This is a guest post by Lacey Walker of SeeUnity.
ECM systems like OpenText or iManage are designed to help manage your content. These systems are great for managing documents and content internally within your firm, maintaining compliance, version control, and upholding governance initiatives.
But ECM or DM systems begin to fall short when you need to share content with your clients. Sharing DM content with clients isn't made easy by the DMS system because they aren't designed for collaboration. They typically fall flat and there's no easy way to share without circumventing the entire system.
Not only that, but it can be risky; if the access isn’t tightly controlled your clients could be privy to documents and content they are not meant to see.
However, incentive is high to implement an external sharing system as it more clearly becomes a competitive advantage by offering this as a differentiating service to their client to provide real time access to content. Also, it saves lawyers and paralegals precious billing time by simplifying their lives, all while improving client satisfaction.
What’s the problem with sharing DM content with clients?
So what do you do? We’ve seen a host of options employed by law firms that range from difficult and time consuming to potentially dangerous.
The most time consuming option we’ve seen for securely sharing content is to gather all information, burn it on to an encrypted DVR, and then use certified mail to deliver it to clients. The process just described could easily take the majority of a week for a client to receive the content they need, and that’s not practical in today’s fast moving legal world.
We’ve seen law firms require clients to physically visit the office to retrieve materials, and while that is simple and effective, it only works if your clients are close enough to stop by; often firms represent individuals and organizations across the world without local offices.
The other option is to let lawyers find their own solutions. Typically when left to their own devices lawyers will implement a solution like email or using consumer services like Google Drive or Dropbox, and while these products offer a convenient way to share content in the cloud, it’s not the best option for law firms.
With content stored in consumer targeted file sharing applications, content ownership becomes unclear, which is an obvious issue for law firms for security and privacy reasons. Not only that, but when content is distributed and edited outside of the originating DM it loses its ability to be accounted for in an audit, because it’s outside of the in-depth governance-based features of a DM.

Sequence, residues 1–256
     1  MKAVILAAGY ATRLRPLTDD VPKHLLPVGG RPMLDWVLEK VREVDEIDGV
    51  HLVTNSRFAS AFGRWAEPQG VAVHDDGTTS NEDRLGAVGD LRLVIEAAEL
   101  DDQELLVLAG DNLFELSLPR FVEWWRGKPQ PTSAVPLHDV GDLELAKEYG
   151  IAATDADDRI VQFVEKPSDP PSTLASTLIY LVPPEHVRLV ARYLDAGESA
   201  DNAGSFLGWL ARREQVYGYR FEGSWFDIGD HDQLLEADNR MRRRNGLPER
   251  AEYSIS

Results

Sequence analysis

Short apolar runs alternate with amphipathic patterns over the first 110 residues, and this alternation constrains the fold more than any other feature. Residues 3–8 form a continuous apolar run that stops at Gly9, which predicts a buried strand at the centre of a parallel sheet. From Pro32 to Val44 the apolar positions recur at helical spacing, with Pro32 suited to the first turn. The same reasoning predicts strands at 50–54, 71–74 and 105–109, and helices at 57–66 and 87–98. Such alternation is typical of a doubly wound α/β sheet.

Among other problems, like lawyers incorrectly setting up permissions to content, consumer cloud based systems aren’t always the most secure. These options often leave everyone (IT, lawyers, paralegals, and clients) frustrated.
Good news: it doesn’t have to be that complicated. Here are two steps you can take to make sharing your DM content with clients much simpler and more secure:
1. Choose a client collaboration platform
Cloud collaboration software helps with securely sharing content with clients, and it’s perfectly tailored for the legal industry. However, implementing this software is just the first step.
When firms implement an official solution for external document sharing it greatly decreases the chance for lawyers and paralegals to look for their own solutions. It also helps clients by providing easy cloud access to their documents.
But if you expect employees and paralegals to maintain document changes across systems, you will be sorely disappointed. Among many problems, we often see law firms dealing with duplicate documents, noncompliance, and wasting precious billable time searching multiple systems for the right document. But there is a solution: synchronization.
2. Make sure your systems are synced
A synchronization solution, like the one provided by SeeUnity, will allow your content to stay within the control of your DMS while also being shared externally to clients.
Law firms using a DMS and HighQ Collaborate to share content can set up rules to automatically or manually publish, archive, or bi-directionally sync content between the two systems. An archive rule will automatically archive any content uploaded to HighQ back to your DM so it’s never out of compliance.
For publishing, the most common use case, content stored in the DM is pushed out to HighQ Collaborate. Finally, to allow for total freedom of employees and clients, folders and documents can be bi-directionally synchronized between the DM and HighQ; no matter what system they are working in, the document is in compliance and up to date.
Specifically, some synchronization solutions, like SeeUnity's, write to the ECM normal audit log so that the firm has a complete history of a document, even if it’s left the building.
All of these options can be triggered either on an administrative system-wide scale where folders are automatically synchronized, or they can be used directly by lawyers and paralegals in their normal work applications, like FileSite or eDOCS. This allows them to directly select DM documents or folders to be published to or synchronized with HighQ sites.
User initiated synchronizations can be easily monitored and controlled by system administrators to prevent abuse.
Voila! That’s how you share and manage content externally with clients.
To recap, we recommend first making sure your firm selects a standard for how to share content externally before mayhem ensues; we recommend HighQ. Second, don’t let having two systems wreak havoc; make sure you have a synchronization solution.
In two easy steps you’ll be saving precious billable time and increasing satisfaction of both your lawyers and clients!